Jump to content

  • Log In with Google      Sign In   
  • Create Account


A Rose by Any Other Name...

  • You cannot reply to this topic
21 replies to this topic

#21 swiftcoder   Senior Moderators   -  Reputation: 9763

Like
1Likes
Like

Posted 20 May 2014 - 05:41 AM


I think that's a different issue - isn't that just a matter of the filesystem not actually enforcing full case-insensitivity? I would expect a case-insensitive file system to be able to deterministically pick one or the other, ie. reject naming a file "File.txt" if there already existed a file "file.txt" in that directory while still preserving the casing of whatever filename I originally gave it.

It's not really about issues within your own case-insensitive file system. It's more about the inevitable issues that arise if you physically plug in, or mount over the network, a drive with different case-sensitivity rules.

 

Even on windows, you can obtain a variety of 3rd-party drivers for natively case-sensitive file systems (ext3, HFS+, and so on). These drivers have to perform some truly ghastly file name transforms to ensure that case-insensitive windows APIs don't screw up the contents of the disk.


Tristam MacDonald - Software Engineer @Amazon - [swiftcoding]


Sponsor:

#22 Ectara   Crossbones+   -  Reputation: 2881

Like
1Likes
Like

Posted 21 May 2014 - 08:39 PM


How about on case-sensitivity?

...That doesn't quite answer the question. As outlined, there are other languages (disregarding accents) that have different character sets that can be substituted for each other (barring grammatical convention). When we think "case-insensitive", we tend to think of common Germanic, Romance, Indo-European, etc. languages only. There's a potential for this behavior in other languages that we intentionally ignore. It seems rather strange to have this core kernel feature that is only effective for a portion of the languages spoken by the user base, and thus, I don't feel that it belongs in the kernel. It seems like an esoteric part of the time period where a subset of the English alphabet was all we cared about, with everyone else as an after-thought.

 


I think that's a different issue - isn't that just a matter of the filesystem not actually enforcing full case-insensitivity?

swiftcoder nailed this one precisely - I frequently dual-boot between Windows and Linux. I could mount my NTFS partition right now and create two files that differ in name only by case. It doesn't seem wise to pretend that this can't happen (though, I know it will forever stick around due to the compatibility issues of ever changing it).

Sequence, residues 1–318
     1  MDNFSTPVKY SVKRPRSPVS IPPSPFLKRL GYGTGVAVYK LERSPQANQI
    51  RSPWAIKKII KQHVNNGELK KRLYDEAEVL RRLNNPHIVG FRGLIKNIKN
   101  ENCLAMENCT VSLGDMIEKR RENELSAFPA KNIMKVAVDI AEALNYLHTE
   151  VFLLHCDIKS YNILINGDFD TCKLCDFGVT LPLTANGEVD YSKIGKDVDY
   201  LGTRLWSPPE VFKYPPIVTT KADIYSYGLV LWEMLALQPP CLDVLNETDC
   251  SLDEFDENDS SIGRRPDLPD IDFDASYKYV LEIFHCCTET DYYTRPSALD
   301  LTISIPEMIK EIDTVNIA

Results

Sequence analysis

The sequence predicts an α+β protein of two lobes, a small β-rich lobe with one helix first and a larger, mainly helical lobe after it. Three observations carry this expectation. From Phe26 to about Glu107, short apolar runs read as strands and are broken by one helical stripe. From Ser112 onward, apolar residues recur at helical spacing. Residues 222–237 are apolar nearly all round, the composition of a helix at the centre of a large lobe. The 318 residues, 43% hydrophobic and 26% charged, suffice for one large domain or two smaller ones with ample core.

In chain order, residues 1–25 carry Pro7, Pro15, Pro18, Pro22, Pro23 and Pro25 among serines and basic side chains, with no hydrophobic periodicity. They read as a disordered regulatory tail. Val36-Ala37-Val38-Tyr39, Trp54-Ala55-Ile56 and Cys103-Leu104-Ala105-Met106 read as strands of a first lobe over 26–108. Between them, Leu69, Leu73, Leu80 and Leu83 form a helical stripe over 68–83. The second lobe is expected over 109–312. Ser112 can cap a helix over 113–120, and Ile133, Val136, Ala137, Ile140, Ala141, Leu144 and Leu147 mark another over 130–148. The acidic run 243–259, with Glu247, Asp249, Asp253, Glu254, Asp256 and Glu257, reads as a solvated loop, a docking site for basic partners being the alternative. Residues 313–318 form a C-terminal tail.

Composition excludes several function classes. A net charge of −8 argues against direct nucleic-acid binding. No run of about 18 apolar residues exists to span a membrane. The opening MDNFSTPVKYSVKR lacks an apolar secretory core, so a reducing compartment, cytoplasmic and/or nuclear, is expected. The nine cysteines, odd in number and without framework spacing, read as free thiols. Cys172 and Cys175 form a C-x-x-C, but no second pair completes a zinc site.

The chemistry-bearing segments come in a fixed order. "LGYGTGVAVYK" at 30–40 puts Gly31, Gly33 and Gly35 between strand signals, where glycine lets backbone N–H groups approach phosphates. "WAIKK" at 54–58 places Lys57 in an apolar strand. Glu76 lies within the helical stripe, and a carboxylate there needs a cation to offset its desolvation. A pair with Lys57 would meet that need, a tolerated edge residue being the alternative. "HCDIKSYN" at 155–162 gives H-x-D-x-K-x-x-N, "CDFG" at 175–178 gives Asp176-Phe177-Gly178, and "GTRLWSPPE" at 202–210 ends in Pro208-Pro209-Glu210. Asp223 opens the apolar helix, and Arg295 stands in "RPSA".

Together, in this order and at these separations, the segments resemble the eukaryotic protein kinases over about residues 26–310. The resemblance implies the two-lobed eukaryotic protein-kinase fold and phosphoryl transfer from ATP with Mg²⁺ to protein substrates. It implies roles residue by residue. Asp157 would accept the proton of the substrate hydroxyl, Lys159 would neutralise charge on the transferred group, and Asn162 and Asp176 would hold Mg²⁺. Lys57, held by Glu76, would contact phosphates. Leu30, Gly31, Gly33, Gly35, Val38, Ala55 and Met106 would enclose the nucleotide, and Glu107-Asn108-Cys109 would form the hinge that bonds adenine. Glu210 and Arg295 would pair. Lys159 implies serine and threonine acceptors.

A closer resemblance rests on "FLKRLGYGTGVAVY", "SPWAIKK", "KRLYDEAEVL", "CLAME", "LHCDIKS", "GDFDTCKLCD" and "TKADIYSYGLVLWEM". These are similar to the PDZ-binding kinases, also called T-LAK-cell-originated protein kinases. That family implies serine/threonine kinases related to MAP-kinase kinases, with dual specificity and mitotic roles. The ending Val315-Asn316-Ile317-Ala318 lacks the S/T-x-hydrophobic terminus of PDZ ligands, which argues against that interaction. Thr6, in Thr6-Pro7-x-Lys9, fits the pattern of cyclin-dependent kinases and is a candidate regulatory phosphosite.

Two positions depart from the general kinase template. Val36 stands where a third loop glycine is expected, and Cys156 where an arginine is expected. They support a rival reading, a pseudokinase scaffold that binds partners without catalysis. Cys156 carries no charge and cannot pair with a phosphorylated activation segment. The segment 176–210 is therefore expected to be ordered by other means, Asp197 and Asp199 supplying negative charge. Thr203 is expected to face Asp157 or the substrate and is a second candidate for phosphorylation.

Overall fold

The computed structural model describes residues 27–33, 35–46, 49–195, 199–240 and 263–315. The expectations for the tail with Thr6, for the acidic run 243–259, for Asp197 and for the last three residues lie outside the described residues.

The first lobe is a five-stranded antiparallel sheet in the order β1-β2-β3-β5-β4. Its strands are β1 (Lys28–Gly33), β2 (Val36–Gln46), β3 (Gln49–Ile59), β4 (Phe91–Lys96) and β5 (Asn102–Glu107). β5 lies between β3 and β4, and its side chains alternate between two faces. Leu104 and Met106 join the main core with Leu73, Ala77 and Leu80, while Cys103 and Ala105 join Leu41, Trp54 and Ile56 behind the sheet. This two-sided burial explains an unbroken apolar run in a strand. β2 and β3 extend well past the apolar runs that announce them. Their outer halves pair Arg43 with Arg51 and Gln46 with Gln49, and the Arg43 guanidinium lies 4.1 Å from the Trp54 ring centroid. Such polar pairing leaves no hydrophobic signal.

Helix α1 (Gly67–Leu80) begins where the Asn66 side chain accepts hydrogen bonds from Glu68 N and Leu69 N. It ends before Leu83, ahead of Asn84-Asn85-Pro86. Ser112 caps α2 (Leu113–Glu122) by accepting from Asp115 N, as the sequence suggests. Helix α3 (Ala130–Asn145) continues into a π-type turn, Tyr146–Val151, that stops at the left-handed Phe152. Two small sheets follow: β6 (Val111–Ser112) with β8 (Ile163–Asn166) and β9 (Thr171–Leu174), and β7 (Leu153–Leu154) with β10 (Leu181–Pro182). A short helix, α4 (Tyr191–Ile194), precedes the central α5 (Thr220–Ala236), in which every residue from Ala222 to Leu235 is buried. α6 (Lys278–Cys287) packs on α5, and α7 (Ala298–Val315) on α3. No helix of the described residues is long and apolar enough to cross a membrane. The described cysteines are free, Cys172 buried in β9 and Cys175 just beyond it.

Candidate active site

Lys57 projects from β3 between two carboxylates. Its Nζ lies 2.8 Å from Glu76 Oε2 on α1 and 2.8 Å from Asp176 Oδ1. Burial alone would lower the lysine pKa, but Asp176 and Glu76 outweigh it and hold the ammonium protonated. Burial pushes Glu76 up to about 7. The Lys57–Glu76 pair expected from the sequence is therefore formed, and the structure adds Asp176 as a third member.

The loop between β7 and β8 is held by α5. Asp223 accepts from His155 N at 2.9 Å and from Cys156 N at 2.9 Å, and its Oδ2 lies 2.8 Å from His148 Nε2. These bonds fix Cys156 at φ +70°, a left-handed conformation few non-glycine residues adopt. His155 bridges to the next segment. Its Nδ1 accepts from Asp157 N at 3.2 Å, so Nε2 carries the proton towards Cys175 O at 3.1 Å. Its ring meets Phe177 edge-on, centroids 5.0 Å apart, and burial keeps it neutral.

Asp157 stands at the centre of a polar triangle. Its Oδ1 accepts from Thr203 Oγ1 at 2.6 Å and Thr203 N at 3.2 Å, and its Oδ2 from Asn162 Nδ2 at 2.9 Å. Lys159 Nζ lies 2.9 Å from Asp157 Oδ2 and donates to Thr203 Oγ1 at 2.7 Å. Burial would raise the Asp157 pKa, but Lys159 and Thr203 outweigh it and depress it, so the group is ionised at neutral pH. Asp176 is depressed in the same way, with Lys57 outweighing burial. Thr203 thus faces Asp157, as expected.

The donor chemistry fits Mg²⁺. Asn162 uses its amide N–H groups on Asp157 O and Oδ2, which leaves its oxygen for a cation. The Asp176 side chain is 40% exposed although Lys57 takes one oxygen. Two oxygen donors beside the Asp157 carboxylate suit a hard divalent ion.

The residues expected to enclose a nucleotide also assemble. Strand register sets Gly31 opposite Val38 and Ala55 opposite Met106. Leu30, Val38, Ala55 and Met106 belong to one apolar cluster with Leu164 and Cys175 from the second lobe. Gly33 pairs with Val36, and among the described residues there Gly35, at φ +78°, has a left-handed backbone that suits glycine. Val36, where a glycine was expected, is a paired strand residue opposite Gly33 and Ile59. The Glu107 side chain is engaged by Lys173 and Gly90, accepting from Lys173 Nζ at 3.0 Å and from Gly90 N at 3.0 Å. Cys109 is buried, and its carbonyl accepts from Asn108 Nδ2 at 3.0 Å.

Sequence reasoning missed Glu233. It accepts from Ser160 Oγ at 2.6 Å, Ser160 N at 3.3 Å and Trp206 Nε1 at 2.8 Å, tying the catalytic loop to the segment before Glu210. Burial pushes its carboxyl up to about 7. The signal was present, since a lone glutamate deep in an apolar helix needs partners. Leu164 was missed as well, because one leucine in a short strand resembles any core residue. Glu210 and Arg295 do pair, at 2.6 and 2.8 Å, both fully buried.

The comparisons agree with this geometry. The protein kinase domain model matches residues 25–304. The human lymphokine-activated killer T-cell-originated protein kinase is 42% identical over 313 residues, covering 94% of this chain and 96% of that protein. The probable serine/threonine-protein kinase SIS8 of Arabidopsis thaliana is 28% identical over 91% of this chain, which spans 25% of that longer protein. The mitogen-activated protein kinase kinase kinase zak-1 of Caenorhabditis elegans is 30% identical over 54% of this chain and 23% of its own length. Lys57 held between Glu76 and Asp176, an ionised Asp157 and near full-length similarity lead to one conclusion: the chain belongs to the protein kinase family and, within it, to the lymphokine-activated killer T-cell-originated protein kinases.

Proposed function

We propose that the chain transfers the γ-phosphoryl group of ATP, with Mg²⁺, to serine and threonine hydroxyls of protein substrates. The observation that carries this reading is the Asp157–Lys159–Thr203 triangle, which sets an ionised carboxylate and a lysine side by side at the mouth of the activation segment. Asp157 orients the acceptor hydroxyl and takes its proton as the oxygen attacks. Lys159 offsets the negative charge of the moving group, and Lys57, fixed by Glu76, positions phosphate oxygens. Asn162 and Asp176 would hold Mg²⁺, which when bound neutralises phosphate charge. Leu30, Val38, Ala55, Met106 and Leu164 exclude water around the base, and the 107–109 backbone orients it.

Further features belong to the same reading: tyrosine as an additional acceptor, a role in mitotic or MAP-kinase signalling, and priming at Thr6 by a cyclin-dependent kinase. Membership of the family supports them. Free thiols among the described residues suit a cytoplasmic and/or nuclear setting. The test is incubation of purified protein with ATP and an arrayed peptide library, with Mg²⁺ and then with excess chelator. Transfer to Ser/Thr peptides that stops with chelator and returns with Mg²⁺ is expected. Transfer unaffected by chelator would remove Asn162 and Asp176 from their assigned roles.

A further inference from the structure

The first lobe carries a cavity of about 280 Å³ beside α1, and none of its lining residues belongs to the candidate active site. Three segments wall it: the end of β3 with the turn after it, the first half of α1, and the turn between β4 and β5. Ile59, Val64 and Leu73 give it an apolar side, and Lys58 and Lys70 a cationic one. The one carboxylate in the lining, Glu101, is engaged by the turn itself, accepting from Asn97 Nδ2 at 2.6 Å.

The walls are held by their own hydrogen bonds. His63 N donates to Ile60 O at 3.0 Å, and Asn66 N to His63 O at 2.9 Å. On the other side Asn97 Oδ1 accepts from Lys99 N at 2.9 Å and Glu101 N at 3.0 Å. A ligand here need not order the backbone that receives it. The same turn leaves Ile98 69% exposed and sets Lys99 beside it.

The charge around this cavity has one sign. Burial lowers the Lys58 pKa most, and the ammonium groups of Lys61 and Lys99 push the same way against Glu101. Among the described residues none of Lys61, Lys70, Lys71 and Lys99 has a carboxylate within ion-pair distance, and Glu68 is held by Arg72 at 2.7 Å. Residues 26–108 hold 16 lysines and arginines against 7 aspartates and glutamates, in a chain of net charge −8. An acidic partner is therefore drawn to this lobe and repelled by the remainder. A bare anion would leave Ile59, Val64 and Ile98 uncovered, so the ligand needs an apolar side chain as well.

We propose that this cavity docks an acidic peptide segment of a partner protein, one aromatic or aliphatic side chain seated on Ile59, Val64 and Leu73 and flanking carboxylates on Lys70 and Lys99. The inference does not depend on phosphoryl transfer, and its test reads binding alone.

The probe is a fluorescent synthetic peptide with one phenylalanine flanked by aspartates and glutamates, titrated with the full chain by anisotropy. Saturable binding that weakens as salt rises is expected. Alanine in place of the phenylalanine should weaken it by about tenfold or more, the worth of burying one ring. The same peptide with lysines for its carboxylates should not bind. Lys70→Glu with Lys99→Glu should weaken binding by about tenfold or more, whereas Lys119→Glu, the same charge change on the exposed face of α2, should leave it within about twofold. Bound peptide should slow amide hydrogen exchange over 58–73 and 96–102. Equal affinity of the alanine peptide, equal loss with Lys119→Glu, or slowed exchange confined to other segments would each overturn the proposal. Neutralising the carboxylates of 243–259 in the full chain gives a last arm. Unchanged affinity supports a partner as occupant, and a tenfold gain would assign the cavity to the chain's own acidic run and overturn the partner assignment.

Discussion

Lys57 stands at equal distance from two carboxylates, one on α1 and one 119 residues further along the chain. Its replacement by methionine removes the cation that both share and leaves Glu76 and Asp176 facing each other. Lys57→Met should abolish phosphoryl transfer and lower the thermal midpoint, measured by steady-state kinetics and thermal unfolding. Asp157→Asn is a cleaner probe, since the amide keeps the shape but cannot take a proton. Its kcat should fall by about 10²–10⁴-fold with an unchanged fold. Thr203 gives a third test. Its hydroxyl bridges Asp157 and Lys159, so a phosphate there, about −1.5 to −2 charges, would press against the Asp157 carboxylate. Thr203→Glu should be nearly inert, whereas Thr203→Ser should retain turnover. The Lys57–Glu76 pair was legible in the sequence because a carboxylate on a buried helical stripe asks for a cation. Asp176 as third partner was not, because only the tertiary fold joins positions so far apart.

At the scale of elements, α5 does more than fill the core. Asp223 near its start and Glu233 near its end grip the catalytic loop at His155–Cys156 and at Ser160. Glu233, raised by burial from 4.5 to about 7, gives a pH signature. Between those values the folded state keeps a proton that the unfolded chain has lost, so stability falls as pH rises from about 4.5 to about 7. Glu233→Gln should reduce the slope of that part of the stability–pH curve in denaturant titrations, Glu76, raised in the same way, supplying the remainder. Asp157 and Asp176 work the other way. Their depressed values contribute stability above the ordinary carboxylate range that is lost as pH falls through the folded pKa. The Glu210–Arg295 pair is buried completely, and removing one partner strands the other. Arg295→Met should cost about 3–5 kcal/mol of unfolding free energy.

My stance is that case-insensitive filesystems (for those language for which case is actually a relevant concept) are more convenient to the user than case-sensitive filesystems.

Though I'm a developer, I'm also a user: I find it a big pain. Nothing like trying to find something you've referred to, only to have trouble finding it because it wasn't named with the case that you've always that it had. I find case-sensitivity to be very brittle; any break in the case-sensitive seal, and all hell breaks loose. Often, as a user, I find that software doesn't do case insensitivity properly.

 

This reminds me of a bug in the product inventory software I had written at work. To make life easier on the people entering the data for product listings, you could enter a partial name, and it would show a drop-down list of possible matches based on a case-insensitive search. Well, it would search case-insensitively, and it would find it for display, but if you didn't click on it and have it fill out the correct name for you, and you didn't type in the correct case, it would pass the check to see if it is in the database (case-insensitively) after submitting, but it would choke when it accidentally looked up the ID of the product in a case-sensitive manner, resulting in several listing records having null product IDs, failing after the input was already validated.

 

My point to the story is that if you ever decide to uphold case-sensitivity, your workload is now doubled: if you slip up even once and do something in a case-sensitive manner, it may produce serious bugs that defy expectations, especially if it fails on the backend, after the input's already declared valid.

 

This is why I feel that case-insensitivity should be in the top-most layer, facing the user, and out of the core:

  1. It is only useful for part of the user base.
  2. Not all users enjoy the feature; many hate it, especially those that spend more time in other operating systems.
  3. It is very brittle.






PARTNERS